MOOCs Need to Go Back to Their Roots

By Michael Burnam-Fink

They were supposed to be educational communities, not hypertextbooks.

This back-to-school season has also brought a wide range of developments in the online education space known as MOOCs: massively open online courses. While MOOCs vary in the details, most are free, taught by professors, and are solely for the edification of the student—not for credit. In recent weeks, we’ve seen announcements for the Open Education Alliance, a partnership between the state of California, Udacity, and a host of major tech companies, and Google combining its Course Builder software with Ivy League MOOC consortium EdX, making it easier for top notch professors to use the curriculum development equivalent of Gmail or Blogger.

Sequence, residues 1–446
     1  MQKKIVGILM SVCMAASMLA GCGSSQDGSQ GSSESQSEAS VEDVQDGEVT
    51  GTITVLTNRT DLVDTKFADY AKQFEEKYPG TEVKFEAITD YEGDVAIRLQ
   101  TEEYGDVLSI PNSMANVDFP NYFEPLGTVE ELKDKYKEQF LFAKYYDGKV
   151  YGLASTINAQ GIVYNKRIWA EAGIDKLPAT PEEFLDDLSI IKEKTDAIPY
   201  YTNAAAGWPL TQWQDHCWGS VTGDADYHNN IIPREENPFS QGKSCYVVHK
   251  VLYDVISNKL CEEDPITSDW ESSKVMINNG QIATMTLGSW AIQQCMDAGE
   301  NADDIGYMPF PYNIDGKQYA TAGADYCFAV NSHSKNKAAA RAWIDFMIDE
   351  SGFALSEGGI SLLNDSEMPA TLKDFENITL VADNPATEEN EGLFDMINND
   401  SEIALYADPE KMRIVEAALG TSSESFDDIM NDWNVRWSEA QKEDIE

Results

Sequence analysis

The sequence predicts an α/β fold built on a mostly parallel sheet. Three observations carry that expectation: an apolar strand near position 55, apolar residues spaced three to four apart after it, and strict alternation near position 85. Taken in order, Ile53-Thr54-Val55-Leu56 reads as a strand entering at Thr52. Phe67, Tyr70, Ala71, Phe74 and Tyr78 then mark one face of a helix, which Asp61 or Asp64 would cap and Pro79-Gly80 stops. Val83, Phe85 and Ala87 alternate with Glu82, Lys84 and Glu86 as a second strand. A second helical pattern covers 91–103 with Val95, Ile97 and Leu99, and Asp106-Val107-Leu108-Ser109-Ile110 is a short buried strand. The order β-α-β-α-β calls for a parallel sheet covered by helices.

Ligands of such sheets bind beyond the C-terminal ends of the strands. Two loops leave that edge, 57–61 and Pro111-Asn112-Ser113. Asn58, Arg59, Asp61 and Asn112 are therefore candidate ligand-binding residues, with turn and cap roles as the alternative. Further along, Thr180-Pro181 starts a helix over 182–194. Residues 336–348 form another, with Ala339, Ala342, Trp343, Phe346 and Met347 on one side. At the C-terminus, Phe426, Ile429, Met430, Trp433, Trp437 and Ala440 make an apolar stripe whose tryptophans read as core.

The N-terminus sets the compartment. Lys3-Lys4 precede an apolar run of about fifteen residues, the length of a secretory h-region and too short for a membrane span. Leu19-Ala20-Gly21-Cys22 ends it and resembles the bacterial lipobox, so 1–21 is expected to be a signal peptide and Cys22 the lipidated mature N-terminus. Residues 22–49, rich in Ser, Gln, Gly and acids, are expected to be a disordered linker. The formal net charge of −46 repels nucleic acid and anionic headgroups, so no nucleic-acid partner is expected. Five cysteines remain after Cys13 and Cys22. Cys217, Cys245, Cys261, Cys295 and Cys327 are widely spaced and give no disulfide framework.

We have seen a number of posts that show the perceived effectiveness of MOOCs as content delivery systems (not as affective as educational models).

About Ryan C. Fowler

Ryan is a curricular fellow at the Center for Hellenic Studies in Washington D.C. He also teaches at Franklin and Marshall College and Lancaster Theological Seminary.
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